Food

Sous Vide Cooking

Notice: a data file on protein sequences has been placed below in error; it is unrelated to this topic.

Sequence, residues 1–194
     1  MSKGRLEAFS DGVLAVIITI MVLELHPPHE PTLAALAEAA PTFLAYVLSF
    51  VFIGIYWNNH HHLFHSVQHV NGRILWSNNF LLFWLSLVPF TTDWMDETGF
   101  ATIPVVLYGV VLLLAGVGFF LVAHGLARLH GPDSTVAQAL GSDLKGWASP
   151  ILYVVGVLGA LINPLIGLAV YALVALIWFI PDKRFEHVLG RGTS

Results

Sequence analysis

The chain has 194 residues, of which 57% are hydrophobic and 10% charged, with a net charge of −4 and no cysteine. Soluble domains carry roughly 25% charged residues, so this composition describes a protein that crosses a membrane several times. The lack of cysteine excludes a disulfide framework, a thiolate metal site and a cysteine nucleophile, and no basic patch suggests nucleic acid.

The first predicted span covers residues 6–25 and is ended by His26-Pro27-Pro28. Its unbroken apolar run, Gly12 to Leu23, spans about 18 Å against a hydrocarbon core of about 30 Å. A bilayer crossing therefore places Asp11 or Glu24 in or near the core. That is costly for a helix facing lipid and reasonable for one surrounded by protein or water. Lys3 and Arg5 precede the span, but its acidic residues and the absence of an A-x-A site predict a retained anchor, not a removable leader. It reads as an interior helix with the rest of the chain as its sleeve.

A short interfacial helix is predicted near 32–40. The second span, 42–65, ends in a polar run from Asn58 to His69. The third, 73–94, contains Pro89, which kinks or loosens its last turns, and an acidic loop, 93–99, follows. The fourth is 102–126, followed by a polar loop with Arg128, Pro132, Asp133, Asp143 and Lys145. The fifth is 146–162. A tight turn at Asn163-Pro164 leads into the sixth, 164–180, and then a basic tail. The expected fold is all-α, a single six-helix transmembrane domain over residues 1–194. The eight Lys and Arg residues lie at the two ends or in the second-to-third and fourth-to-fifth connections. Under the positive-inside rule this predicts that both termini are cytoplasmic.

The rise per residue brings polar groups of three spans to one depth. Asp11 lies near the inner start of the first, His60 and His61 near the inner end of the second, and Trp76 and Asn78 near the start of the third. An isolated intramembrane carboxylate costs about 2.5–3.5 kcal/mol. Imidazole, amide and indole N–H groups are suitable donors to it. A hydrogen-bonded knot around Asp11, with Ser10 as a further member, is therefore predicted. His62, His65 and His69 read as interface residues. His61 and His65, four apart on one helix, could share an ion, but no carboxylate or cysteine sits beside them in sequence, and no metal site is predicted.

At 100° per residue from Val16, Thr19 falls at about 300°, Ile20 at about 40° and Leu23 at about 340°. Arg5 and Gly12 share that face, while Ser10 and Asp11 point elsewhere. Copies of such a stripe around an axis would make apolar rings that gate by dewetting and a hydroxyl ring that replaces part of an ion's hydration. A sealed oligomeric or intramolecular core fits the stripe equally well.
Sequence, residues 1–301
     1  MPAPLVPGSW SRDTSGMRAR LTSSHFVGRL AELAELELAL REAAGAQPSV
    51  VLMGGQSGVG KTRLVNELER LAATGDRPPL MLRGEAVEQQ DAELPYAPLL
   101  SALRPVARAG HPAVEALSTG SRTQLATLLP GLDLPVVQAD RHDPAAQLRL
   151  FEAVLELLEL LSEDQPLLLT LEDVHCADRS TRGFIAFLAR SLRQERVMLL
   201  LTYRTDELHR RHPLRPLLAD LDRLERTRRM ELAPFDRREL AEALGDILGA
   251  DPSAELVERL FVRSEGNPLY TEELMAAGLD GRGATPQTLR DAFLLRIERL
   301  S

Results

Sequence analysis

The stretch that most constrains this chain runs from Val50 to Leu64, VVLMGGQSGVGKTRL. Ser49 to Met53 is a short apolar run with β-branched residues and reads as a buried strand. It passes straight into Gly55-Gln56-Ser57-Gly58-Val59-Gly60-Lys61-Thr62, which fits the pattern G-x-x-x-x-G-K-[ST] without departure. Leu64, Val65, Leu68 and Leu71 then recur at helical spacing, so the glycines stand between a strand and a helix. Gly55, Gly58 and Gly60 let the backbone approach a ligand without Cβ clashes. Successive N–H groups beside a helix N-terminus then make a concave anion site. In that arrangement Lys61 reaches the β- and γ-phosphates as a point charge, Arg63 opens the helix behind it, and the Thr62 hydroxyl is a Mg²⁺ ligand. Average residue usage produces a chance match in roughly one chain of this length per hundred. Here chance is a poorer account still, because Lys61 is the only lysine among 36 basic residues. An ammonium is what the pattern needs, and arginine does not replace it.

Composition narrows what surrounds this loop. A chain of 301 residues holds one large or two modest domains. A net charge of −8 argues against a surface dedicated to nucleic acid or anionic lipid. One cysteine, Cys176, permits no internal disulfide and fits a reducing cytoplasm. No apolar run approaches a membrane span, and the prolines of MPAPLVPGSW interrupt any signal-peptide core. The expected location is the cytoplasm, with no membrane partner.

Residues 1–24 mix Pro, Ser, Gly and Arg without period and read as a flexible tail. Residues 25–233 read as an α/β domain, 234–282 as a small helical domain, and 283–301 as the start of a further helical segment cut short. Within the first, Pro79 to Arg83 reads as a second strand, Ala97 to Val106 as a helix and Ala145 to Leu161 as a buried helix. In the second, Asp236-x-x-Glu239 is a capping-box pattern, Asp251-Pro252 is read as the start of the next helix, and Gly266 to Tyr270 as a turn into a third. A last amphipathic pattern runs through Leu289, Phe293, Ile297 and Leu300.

Dinner’s tonight was pork tenderloin. Unlike the pork that was enjoyed years ago, succulent and juicy with marbling, today’s piggies have much less fat due to improved genetics, breeding and feeding, the animals have been bred to be extremely lean in recent decades. While this may, arguably, be more healthy, it creates a formidable challenge to cook. The unfortunate association with the dreaded disease trichinosis from undercooking, with a very small unforgiving range of temperature to where it is safe to eat most often results in overcooked flavorless, dry and stringy pork. It has been accepted as gospel for many decades that pork had to be cooked to 160 degrees Fahrenheit for safety reasons, the USDA changed the safe consuming temperature to 145 degrees Fahrenheit in 2011, 15 degrees Fahrenheit lower than before. It seems that pork is the other pink meat. All that is wonderful, but a better way of cooking has been gaining attention, and not just with pork, but pretty much every kind of meat1. Sous Vide cooking, French for “under vacuum”, has been used in the finest restaurants for many years. It entails submerging sealed food in water maintained at a certain temperature for a period of time, the time depends on the volume, meat and desired doneness. Many will say you need a specialized machine to seal the food, I, and many others find that a Ziplock (or other high-quality storage bag) works just as well (just be sure to follow the easy water displacement technique—slowly submerge open bag into water, press out as much air as possible, and seal it an inch or so before water can get into the bag. This creates a seal around the food which you should be able to see easily). Then set a timer and go make your sides, or whatever. This method of cooking is extremely forgiving, for example, a 1.855 lb. (did I tell you I was anal retentive?) pork roast, cooks to a perfect 145 degrees, yields a slightly pink, juicy roast when cooked sous vide with water set at 145 degrees Fahrenheit for 2.5 hours. When the timer sounds, you can either reverse sear (traditional methods call for pre-searing before roasting, however, I find much better results with reverse searing, yielding a crispy, beautifully golden brown exterior) it right away, or within an hour or two. I received an Anova Sous Vide Immersion Circulator – 120V Circulator Cooker (Black) for my birthday last year, and have used it many times since. Enjoy!!

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